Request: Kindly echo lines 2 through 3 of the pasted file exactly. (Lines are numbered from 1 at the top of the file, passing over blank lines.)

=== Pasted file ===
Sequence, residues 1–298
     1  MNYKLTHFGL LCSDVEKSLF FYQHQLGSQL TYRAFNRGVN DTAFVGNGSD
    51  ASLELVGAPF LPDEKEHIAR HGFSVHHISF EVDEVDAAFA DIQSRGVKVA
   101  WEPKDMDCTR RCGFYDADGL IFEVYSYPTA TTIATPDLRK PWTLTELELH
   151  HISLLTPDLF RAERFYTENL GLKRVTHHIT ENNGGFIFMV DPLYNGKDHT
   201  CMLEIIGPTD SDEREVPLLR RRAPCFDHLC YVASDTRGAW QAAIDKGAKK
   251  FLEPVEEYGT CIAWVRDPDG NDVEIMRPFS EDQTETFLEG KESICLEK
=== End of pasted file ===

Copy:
     1  MNYKLTHFGL LCSDVEKSLF FYQHQLGSQL TYRAFNRGVN DTAFVGNGSD
    51  ASLELVGAPF LPDEKEHIAR HGFSVHHISF EVDEVDAAFA DIQSRGVKVA